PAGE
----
Selective laser trabeculoplasty (SLT): Laser treatment may be used as a first-line treatment or to avoid more invasive surgery. It is very successful in PEG eyes, reducing IOP by 30%. The increased effectiveness of SLT may be due to the increased pigmentation of the trabecular meshwork, which leads to increased absorption of laser energy. SLT, however, is not permanent, and a significant proportion of patients may require further surgery in the long term. Argon laser trabeculoplasty (ALT), which induces a greater histopathological effect on the trabecular meshwork due to the stronger energy laser applied for a longer time, has also been reported to be useful as a temporary regulation treatment of IOP in PEG.[61] SLT has shown to be less destructive and can be repeatable, thus a viable alternative to traditional ALT.[62]

Surgery: Similar to POAG, surgical management of PEG may be considered following the failure of maximal medical therapy and/or SLT.[63] Trabeculectomy in PEG patients has shown similar outcomes as with POAG patients, without an increased risk of complications.[64] Glaucoma drainage devices and alternative methods like canaloplasty and viscocanalostomy may also be considered, although target pressures after surgery do not tend to be low, thus local eyedrops may still be needed in some patients.[65] If there is a component of angle closure secondary to cataract or anterior lens movement secondary to zonular laxity, laser iridoplasty or cataract extraction may be beneficial.[66]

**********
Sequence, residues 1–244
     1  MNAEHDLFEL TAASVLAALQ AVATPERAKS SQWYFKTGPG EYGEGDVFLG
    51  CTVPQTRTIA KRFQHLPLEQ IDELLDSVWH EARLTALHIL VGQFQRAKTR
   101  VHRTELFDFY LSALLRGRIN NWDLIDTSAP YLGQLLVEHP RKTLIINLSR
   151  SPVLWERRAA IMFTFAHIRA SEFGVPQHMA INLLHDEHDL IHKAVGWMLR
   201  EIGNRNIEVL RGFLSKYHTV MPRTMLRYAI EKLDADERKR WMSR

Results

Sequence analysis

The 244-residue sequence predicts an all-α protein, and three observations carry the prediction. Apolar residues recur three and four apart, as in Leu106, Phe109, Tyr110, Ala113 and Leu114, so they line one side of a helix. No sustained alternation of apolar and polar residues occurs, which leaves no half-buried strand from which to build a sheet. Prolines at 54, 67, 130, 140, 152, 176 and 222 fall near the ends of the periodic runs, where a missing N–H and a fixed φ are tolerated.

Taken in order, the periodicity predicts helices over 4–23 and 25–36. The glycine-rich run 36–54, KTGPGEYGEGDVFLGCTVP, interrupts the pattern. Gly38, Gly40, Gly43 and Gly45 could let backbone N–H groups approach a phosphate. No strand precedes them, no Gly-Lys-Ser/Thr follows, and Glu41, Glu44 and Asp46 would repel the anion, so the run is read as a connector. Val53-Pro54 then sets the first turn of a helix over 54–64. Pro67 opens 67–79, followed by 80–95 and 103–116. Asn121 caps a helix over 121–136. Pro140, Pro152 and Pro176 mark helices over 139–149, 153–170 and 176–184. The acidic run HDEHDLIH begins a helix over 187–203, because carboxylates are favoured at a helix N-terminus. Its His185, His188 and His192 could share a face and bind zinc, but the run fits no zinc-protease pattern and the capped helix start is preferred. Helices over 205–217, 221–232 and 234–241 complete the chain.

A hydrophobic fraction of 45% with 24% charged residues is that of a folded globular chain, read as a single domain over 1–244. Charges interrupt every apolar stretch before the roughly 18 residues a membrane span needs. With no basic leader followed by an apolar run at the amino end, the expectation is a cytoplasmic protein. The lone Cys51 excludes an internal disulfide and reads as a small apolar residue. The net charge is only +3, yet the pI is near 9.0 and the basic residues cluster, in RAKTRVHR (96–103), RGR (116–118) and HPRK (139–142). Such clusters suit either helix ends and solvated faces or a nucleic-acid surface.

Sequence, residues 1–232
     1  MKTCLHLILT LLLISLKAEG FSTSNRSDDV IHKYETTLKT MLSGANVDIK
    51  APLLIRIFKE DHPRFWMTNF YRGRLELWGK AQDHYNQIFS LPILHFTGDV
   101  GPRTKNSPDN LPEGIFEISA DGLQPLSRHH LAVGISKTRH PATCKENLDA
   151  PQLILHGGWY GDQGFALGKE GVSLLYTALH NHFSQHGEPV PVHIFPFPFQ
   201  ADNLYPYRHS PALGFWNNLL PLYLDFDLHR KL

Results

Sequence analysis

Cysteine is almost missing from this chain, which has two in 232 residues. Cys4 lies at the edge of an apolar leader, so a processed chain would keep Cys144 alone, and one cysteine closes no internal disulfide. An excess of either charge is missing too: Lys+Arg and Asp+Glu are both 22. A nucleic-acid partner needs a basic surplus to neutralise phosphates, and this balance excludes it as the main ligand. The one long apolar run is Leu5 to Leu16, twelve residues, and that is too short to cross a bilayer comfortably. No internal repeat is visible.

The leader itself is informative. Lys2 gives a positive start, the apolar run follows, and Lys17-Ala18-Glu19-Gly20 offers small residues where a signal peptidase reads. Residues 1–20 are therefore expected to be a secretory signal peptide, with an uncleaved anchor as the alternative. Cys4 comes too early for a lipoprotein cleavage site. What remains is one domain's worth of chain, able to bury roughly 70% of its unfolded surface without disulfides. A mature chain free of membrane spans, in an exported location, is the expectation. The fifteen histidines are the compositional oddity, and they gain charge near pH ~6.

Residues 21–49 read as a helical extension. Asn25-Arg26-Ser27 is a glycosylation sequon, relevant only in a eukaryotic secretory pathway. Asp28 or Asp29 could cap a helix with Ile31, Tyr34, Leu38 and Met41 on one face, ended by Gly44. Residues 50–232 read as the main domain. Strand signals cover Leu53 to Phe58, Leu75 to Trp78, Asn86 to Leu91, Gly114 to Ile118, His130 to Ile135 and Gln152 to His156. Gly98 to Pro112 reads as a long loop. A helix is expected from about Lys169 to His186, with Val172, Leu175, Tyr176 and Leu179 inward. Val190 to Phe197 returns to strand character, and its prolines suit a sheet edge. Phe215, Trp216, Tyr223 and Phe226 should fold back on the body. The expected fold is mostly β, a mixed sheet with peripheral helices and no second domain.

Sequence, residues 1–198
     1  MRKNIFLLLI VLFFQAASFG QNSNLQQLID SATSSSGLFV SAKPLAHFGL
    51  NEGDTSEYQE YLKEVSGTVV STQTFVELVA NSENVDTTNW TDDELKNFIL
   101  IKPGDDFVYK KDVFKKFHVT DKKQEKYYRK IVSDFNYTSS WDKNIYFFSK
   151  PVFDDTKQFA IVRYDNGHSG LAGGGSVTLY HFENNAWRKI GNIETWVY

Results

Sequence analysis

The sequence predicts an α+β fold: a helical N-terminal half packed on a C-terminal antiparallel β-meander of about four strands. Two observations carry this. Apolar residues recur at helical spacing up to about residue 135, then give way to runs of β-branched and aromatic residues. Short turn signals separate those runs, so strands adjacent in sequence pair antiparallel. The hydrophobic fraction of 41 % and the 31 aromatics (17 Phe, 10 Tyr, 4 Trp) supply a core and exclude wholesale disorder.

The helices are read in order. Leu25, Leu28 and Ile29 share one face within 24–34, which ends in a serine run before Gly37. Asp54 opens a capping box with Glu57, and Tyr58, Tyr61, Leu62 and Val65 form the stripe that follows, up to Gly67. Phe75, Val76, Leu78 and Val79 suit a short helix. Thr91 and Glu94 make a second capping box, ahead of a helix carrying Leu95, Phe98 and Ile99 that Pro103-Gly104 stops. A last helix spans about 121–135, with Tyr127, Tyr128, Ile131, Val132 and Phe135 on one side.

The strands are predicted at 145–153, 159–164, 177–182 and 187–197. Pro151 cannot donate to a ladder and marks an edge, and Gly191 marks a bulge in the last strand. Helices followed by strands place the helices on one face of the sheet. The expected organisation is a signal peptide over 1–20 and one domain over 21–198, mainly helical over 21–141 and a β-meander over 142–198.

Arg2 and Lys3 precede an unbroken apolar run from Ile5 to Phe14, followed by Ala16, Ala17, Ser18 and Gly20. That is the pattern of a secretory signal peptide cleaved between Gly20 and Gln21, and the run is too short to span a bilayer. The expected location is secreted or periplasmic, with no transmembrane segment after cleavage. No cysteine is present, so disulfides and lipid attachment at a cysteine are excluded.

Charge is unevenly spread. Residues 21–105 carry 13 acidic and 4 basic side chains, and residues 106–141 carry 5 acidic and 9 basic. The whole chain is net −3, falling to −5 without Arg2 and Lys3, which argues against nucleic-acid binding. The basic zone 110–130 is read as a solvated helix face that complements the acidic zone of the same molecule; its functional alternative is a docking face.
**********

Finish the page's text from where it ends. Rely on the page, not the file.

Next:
Cataract surgery may be challenging in PEX eyes due to poor mydriasis, corneal endotheliopathy, zonular instability, and lens subluxation.[67] Zonular laxity may predispose to zonular dialysis, compromised blood-aqueous barrier, capsular bag rupture, and subsequent loss of vitreous.[68] There is also an increased risk of postoperative complications, which include increased inflammation, iris vascular leaks, spikes in IOP, corneal edema, capsular opacification, capsular phimosis, and late intra-ocular lens (IOL) decentration.[69] PEX patients often need a more aggressive and longer duration of treatment with postoperative steroids. Therefore, it is essential to evaluate all eyes undergoing cataract extraction for the presence of pseudoexfoliation to aid surgical planning, prognostication, and follow-up.[67]

Current studies in the literature have shown that new treatments for PEG are constantly being studied. These alternatives to traditional treatment are still being performed in preclinical and animal models, and include magnetic phage display,[70] microRNAs,[71]gene therapies,[72] stem cell therapy,[73] nanotechnology,[74] immunotherapy,[75] and photobiomodulation.[76]